I copied and pasted below, the various definitions for providers in the beauty industry in Iowa. I hope you'll read them and think about whether or not you're supporting an ethical professional that operates within their scope of practice. What you need to know is that if a service isn't listed in the definition, that licensee should not be performing the service. I should also note that some professionals have multiple licenses, while others, like me, do not.
Some examples of cans and can'ts for professionals with only one license:
As an esthi, I can massage skin on various body parts (not the scalp though) if I'm treating the skin, but I cannot offer massages that fall under the definition of a massage therapist because they treat muscles and connective tissue. And yes, the line is blurred here because when you massage the skin, you're inevitably going to affect the muscles and connective tissues; likewise, to massage the muscles, you are going to massage the skin.
A massage therapist cannot give pedicures or perform hair removal or braid your hair.
A cosmetologist gets to do a bit of everything, but there are restrictions. For instance, they can give a facial, but can't perform extractions or a peel. I don't see essential oils in the list of products they can use; but I'm not even going to try to make sense of that as surely they can't be expected to avoid every product that contains essential oils.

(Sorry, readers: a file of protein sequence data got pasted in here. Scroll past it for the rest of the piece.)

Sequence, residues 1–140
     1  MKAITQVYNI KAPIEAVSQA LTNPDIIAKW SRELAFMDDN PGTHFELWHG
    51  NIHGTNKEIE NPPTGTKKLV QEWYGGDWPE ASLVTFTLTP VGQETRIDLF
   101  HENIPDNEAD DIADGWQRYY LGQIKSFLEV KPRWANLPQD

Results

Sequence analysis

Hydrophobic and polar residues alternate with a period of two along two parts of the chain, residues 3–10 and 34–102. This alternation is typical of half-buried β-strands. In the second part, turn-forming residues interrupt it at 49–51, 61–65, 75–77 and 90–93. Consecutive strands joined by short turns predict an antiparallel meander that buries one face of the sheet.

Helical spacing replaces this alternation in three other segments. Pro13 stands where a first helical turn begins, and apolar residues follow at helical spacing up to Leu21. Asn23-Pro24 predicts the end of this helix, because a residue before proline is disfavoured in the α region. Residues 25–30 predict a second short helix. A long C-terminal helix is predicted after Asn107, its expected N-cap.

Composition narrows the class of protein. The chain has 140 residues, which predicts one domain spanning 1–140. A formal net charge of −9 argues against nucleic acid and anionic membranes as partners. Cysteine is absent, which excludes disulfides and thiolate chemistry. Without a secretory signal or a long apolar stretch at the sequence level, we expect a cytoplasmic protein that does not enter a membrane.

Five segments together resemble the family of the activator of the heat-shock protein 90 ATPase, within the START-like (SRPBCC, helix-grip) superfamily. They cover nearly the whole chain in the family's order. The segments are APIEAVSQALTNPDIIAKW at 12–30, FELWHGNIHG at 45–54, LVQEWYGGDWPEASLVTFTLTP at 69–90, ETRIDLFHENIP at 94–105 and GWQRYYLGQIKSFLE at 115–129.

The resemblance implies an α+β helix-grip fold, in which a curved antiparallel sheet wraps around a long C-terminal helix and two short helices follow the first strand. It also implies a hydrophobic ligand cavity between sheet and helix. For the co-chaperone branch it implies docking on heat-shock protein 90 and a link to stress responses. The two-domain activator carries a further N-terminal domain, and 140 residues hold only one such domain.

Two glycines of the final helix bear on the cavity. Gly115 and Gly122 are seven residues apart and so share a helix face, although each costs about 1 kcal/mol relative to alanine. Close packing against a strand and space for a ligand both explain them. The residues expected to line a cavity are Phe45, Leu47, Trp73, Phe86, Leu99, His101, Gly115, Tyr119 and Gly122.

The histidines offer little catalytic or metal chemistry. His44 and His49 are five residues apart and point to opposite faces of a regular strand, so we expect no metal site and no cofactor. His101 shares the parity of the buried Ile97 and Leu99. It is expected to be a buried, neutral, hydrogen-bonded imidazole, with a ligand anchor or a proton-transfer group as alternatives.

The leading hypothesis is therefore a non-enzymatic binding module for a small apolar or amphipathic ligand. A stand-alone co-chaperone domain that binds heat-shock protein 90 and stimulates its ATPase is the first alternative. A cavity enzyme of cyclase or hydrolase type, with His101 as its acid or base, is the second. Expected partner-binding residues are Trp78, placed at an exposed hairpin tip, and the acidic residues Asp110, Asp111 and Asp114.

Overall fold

A nail tech can wax the hair off your fingers & toes, but not your chin or eyebrows.
Both cosmo's and esthi's can apply makeup and eyelashes, but no one in Iowa is just licensed as a makeup artist or lash extensionist,
A salon owner does not have to be a licensed professional but EVERY employee of the salon that performs services must be licensed. So, if you see 8 people giving manicures and only 4 licenses displayed, you might want to ask some questions.
.Click here if you want to see what some Iowa salons got caught doing (or not doing)